@Bromfield2 - Your post reminded me of a teacher I had in elementary school. I have a very ethnic sounding first name that was butchered by everyone. I vividly remember on the first day of school politely correcting her mispronunciation and her telling me that in this country, it was pronounced X. There were two "famous" celebs with the same name and everyone managed to pronounce their names correctly but from then on, she called me her "American" version of my name. It happened in like the 2nd grade and I'll never forget it because then it stuck. The following year a friend starting who knew how much it bothered me, started calling me a nickname, and I've been that ever since.
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  • mom2andmom2and 3065 replies21 threads Senior Member
    When my son was a baby, we brought him into a store in the car seat. He had very curly hair. The woman at the counter remarked as to what a cute baby girl we had. We nicely said that he was a boy. She turned to my husband and said "Are you sure?".
    As to names, my DH's last name is not difficult but is usually pronounced incorrectly. When my son was little he and DH had an argument about how to pronounce it because the teacher's and friends all pronounced it incorrectly. Later, we were out with son's GF's family after graduation. The person reading the names to hand out diplomas had pronounced son's last name correctly, but the GF's mom very sincerely asked me if I was upset about the way it was pronounced and I was totally confused until I realized she had it totally wrong.
    Minor in comparison to the nasty remarks some are subjected to, but somewhat amusing to us!
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  • MaineLonghornMaineLonghorn 42252 replies2280 threads Super Moderator
    Other comments I've recalled:
    When I was in 8th grade, a lady at church commented to my mom, in my presence, "Isn't MLH pleasantly plump?" with a big smile on her face.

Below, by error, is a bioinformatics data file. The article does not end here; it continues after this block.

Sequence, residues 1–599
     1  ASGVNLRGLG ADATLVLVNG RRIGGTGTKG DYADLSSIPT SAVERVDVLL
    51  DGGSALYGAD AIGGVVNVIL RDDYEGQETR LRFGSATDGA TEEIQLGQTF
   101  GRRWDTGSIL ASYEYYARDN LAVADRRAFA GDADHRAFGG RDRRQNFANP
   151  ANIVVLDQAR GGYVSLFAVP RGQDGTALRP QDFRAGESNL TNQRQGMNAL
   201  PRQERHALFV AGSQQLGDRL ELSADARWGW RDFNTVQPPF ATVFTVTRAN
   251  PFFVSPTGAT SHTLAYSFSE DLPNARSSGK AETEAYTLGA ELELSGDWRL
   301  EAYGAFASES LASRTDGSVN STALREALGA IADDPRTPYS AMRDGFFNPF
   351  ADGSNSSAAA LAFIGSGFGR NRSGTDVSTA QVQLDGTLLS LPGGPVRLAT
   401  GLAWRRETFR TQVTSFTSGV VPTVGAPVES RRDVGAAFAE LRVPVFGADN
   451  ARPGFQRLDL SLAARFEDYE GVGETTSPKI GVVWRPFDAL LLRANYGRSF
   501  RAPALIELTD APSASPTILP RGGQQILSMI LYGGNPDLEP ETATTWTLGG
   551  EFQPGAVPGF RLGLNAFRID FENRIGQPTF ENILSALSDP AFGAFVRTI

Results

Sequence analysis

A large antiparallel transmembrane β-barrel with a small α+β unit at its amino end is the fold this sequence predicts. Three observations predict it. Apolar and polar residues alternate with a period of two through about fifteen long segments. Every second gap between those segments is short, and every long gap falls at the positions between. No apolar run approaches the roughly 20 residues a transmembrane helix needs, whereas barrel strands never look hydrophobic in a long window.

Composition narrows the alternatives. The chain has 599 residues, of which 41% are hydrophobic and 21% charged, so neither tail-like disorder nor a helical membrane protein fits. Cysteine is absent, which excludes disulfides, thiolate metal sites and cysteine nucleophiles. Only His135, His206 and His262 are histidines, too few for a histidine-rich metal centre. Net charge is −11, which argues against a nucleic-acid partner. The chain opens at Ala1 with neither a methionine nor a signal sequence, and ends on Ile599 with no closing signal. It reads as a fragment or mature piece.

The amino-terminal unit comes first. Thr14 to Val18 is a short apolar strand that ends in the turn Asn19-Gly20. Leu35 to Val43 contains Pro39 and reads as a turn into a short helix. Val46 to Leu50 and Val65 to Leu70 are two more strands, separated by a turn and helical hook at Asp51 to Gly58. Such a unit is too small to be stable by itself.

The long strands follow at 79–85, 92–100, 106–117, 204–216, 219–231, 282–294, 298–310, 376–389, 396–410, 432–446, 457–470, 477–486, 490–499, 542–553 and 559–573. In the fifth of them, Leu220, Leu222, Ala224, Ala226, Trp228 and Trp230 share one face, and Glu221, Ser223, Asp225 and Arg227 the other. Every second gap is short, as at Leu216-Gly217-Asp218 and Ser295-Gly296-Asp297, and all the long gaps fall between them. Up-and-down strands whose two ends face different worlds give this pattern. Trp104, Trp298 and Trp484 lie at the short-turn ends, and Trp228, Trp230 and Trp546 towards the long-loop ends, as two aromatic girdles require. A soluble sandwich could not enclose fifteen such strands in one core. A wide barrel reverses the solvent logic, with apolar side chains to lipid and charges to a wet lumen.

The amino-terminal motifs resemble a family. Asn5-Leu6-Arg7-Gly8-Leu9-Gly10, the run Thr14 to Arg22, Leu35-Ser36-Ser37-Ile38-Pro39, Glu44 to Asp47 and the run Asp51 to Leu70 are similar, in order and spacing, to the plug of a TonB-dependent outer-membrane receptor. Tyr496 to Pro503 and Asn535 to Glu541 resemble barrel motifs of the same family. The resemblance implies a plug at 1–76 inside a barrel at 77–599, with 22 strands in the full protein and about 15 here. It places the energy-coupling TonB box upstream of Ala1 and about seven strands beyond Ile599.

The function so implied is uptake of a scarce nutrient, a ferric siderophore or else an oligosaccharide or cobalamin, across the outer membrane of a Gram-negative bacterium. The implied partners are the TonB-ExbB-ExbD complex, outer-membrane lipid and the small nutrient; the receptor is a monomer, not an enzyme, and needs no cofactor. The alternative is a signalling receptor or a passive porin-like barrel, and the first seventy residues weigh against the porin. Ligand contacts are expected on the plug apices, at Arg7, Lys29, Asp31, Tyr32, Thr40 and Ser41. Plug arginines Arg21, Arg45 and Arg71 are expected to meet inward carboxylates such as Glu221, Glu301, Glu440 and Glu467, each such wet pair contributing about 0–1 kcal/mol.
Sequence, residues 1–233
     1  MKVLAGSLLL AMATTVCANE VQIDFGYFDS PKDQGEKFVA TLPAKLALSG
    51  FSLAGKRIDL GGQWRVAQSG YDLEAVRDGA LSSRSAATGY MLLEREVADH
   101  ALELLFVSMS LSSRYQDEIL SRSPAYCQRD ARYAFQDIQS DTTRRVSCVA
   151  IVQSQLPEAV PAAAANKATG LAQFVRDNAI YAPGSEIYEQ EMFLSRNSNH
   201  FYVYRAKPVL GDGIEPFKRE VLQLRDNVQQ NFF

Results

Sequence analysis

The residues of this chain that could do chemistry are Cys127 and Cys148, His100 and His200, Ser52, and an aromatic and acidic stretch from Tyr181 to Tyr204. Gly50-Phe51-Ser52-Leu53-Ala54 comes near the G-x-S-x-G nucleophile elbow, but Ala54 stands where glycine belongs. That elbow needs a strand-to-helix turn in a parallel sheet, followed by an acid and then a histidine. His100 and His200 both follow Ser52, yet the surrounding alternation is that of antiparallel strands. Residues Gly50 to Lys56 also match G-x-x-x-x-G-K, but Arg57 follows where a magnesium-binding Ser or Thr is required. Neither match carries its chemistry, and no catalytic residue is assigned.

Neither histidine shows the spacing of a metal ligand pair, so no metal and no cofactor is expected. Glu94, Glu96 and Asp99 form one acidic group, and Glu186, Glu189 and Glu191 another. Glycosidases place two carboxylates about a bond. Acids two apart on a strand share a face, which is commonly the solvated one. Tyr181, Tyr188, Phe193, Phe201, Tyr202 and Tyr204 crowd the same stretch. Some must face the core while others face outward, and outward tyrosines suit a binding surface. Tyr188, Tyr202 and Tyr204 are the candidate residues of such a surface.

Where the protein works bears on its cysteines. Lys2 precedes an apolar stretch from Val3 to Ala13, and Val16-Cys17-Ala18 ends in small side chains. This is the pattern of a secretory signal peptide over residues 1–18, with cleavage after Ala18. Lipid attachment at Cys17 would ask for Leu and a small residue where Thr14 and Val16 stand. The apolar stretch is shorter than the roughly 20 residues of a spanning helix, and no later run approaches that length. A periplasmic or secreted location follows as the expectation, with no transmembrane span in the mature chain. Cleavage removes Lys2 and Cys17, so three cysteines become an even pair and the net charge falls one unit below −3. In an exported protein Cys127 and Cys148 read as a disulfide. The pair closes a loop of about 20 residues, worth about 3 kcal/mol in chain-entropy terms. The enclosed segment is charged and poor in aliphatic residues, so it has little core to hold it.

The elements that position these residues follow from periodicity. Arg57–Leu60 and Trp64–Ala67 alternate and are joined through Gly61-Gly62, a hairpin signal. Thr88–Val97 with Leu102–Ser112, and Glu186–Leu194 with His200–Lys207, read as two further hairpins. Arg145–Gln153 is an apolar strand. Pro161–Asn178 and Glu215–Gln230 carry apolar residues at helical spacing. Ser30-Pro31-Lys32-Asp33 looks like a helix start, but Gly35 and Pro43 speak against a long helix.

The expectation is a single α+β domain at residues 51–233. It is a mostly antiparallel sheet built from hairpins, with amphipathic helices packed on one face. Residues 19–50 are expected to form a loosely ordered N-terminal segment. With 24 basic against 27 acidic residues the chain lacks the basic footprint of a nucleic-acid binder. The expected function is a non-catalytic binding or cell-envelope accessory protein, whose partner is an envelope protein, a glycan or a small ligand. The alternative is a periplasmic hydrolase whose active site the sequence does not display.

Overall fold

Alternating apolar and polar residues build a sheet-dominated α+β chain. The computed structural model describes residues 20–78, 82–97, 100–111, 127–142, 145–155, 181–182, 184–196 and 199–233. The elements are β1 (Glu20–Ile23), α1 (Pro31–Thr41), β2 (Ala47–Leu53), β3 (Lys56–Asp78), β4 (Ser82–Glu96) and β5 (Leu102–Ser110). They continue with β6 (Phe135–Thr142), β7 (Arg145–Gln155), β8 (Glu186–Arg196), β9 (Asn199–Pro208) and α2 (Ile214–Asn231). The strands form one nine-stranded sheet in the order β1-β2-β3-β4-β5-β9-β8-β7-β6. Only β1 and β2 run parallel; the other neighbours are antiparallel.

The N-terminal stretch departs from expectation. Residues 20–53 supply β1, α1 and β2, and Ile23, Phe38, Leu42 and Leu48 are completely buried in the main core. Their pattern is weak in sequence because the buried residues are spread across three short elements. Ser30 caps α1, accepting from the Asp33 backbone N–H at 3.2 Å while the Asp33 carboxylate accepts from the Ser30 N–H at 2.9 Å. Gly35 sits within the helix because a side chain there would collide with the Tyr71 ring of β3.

In 7th grade, my gym teacher told me, "You know, MLH, if you lost some weight, you would be able to do gymnastics better, like the other girls..."
    One of my college profs was my dad's colleague. At a university party, the guy told my mom, "MLH doesn't seem that bright when you talk to her, but when you give her an exam, you can see how smart she is." I was kind of annoyed Mom passed along the comment!
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  • momocarlymomocarly 1030 replies12 threads Senior Member
    edited July 2019
    Mine is also along the lines of adoption. In a group a lady who knew me quite well looks at the lady next to me and loudly says. "Well, I would NEVER adopt a child is I planned on working. That is being an irresponsible and terrible mother. Working and having children is just abuse to the child. There should be a law against it." My mouth is still open.

    One more when I was a child. The kids in the neighborhood (all catholic except me - we lived one block from a catholic school) told me I was going to burn in hell because I wasn't catholic. The nuns told them so and it was ok to be mean to me because of that!
    edited July 2019
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  • garlandgarland 16538 replies206 threads Senior Member
    My D dresses my adorable GD in unisex clothes, and people assume she's a he, all the time. So one day D put her in her usual non-gender outfit, but with pink socks. First comment: "Why did you put pink socks on your handsome young gentleman?" If I could post a picture, you'd see there is nothing particularly "boy" about her face!